Seagate sees big drive capacity jump coming
Doesn't fear NAND encroachment
Seagate expects a significant increase in disk capacities this year and reckons it's got the jump on the competition.
Stifel Nicolaus' Aaron Rakers was present at recent Seagate analyst briefing and has posted a note to clients explaining Seagate's view of the world.
First of all Seagate is unfazed by the supposed coming tablet boom, with dozens of flash-using tablets bursting through the doors blasted open by the iPad, and multi-level cell flash poised to make inroads into the netbook and notebook markets.
Second, Seagate expects 2011 to be a year of meaningful capacity increase transitions across its product line with a step up in areal density with sixth generation perpendicular magnetic recording (PMR). It's saying there could be/will be a desktop hard disk drive (3.5-inch) transition this quarter and a notebook one (2.5-inch) around the middle of the year.
Seagate thinks it is three months ahead of competitors in the desktop HDD space and up to nine months ahead in the enterprise product space. We assume this is ahead in shipment and not announcement terms.
Them there's big words, Mr Seagate CEO Lukzo, especially given Western Digital's desktop and notebook drive shipment increases in the past couple of years. If Seagate's claims are accurate then maybe the company will claw back the unit ship leadership that Western Digital wrestled away from it last year. It is surely lusting to do so.
Where are we with Seagate's current products? The 7,200rpm Barracuda desktops are at 2TB with the 4-platter XT and a 347Gbit/in2 areal density. A 2TB, 5,900rpm Barracuda Green has three platters and 422Gbit/in2. The enterprise Cheetah 15K.7 (15,000rpm) has 600GB and 225Gbit/in2 and the enterprise 2.5-inch Savvio is at 600GB with the 10K.4 (10,000rpm) and 252Gbit/in2, and 146GB with the 15K.2 (15,000rpm) and 237.1Gbit/in2.
The notebook Momentus 5400.7 offers 640GB on two platters with 507Gbit/in2 and is reckoned to be a fifth generation PMR drive. Where are these puppies going?
That depends on how much of a step change there is in areal density. The 4th to 5th generation PMR increase was around 30 per cent so let's use that as the gen 5 to gen 6 increase, and see what it gives us. Barrucuda XT and Barracuda Green desktops jump from 2TB to 2.6TB while the 3TB, 5-platter Barracuda XT goes up to 3.9TB - surely that would be pushed to 4TB though.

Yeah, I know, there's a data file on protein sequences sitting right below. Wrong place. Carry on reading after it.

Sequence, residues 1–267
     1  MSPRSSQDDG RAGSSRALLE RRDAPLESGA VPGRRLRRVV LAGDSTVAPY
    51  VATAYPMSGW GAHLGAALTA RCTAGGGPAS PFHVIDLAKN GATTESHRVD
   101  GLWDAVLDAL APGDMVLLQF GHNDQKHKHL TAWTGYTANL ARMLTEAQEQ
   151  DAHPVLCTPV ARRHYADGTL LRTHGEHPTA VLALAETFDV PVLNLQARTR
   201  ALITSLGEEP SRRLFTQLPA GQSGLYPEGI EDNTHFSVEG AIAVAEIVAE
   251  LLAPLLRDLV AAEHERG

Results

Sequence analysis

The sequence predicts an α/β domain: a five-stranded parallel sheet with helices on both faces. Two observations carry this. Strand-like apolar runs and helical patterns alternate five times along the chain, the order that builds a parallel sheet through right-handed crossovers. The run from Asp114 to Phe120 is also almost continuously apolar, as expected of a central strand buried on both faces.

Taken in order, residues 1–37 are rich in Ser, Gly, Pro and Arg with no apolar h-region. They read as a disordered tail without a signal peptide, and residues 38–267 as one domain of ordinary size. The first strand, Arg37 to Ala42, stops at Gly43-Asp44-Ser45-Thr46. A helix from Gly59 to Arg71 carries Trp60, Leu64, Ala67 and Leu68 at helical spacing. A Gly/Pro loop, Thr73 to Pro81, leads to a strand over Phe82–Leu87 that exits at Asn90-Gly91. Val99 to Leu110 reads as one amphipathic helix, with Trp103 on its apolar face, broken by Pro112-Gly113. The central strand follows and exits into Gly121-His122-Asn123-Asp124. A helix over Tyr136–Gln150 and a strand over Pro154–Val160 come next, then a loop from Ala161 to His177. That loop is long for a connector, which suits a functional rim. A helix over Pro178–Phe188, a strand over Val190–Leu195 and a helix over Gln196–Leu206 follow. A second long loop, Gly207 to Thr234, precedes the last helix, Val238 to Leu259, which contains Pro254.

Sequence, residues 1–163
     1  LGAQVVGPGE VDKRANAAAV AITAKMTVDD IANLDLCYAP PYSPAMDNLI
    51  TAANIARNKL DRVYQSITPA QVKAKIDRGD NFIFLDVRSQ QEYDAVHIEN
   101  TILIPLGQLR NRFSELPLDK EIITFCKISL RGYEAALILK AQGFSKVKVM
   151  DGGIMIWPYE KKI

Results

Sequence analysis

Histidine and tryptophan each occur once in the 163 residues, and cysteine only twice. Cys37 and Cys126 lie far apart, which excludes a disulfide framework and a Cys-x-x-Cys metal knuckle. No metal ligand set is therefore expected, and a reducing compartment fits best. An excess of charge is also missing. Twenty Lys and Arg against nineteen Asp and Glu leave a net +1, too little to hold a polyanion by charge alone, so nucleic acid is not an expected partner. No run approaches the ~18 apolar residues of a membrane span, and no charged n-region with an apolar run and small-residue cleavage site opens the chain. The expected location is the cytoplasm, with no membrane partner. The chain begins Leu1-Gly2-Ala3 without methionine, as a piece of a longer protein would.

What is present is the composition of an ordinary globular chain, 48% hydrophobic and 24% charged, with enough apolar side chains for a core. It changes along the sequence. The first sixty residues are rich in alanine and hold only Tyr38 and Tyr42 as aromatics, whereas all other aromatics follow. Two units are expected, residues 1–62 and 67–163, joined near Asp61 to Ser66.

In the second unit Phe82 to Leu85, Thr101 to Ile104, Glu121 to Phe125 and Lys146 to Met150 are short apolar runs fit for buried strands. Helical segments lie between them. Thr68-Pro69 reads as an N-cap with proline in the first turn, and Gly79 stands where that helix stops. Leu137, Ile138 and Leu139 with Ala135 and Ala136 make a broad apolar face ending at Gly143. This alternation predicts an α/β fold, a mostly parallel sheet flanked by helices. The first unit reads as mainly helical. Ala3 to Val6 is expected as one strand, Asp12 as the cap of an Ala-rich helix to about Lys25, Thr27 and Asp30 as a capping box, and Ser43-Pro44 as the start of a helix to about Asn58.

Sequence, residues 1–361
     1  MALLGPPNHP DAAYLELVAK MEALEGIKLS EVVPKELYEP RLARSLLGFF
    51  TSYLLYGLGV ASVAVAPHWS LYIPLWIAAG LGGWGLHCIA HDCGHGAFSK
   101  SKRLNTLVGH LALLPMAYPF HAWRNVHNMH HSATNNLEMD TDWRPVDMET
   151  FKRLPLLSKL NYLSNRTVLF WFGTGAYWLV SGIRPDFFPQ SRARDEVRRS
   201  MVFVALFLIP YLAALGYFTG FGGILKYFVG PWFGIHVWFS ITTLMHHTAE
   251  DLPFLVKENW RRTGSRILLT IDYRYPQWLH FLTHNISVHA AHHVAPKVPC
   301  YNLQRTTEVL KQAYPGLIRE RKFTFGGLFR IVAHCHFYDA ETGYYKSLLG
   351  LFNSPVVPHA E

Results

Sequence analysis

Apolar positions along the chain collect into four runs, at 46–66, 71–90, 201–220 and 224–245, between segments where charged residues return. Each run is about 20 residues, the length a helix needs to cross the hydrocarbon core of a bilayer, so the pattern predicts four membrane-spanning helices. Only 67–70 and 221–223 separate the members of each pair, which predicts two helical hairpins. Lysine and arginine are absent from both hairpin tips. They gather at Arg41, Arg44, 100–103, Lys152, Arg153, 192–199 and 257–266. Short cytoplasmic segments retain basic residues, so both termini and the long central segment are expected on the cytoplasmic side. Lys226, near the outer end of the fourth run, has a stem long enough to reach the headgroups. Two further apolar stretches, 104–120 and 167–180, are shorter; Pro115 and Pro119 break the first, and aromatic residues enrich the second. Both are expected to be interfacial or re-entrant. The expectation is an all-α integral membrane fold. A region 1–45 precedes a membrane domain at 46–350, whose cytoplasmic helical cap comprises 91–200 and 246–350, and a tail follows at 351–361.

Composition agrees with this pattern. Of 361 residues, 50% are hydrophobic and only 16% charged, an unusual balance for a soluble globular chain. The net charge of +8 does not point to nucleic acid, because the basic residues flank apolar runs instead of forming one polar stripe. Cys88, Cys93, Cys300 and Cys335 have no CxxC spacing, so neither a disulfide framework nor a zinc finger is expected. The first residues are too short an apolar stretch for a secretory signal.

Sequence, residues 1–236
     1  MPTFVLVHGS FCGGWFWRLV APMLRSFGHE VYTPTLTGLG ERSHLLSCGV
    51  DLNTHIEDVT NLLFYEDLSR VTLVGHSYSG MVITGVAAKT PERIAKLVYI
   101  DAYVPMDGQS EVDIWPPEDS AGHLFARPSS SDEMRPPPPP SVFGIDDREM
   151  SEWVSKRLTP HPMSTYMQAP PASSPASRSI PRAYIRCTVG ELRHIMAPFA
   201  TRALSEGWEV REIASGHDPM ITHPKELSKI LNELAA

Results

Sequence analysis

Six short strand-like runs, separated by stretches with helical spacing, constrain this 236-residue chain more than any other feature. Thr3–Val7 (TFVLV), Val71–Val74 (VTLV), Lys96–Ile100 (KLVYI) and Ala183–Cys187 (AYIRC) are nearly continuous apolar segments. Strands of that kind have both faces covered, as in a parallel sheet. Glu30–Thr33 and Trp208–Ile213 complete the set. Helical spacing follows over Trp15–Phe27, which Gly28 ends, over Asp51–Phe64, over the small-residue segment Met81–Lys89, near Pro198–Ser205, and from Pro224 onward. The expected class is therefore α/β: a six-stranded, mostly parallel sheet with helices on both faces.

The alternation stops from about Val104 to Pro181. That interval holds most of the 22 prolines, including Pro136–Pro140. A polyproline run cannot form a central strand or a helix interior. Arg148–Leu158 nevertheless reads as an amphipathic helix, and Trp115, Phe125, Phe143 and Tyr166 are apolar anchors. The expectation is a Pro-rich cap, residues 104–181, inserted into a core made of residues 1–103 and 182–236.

The enterprise Cheetahs go to 780GB and the 10,000rpm Savvio will reach 780GB too, while the 15,000rpm Savvio will increase its capacity to 190GB - which might get pumped up to 200GB for round number comfort. In the notebook area the Momentus would get 832GB.
With Seagate predicting Hitachi GST, Samsung Toshiba and WD will be between a quarter and nine months behind in the desktop and enterprise HDD markets respectively, it has that much time to ship as many drives as it can without any competition.
Next page: NAND Encroachment? Have no fear
Neil, I am assuming then that 3 years ago your NAS also had 8TB of capacity, and that 3 years before that, it also had 8TB of capacity?
If not, what makes you think that your NAS will only need 8TB of capacity in 3 years time? If you need 8TB now, the chances are you shoot thousands of RAW photos, digital videos and/or have a movie collection on it. If you have any of these, then you will probably need more capacity in 3 years, no?
I could similarly say that my first notebook only had a 20MB drive; so surely all notebook drives could be flash now?
> Except for a few people who want to archive video
Which is pretty much anyone that bothers with home video.
Video files have always been big. Better compression in more recent devices have shrunk down file sizes a bit but the move to HD has undone that a bit. HD video of any sort quickly consumes all available space.
Instead of all of that being on DV tapes, it will be on computer disks of various kinds.
"while the 3TB, 5-platter Barracuda XT goes up to 3.9TB - surely that would be pushed to 4TB though."
they will surely market it at 4 TB, whether it is or not.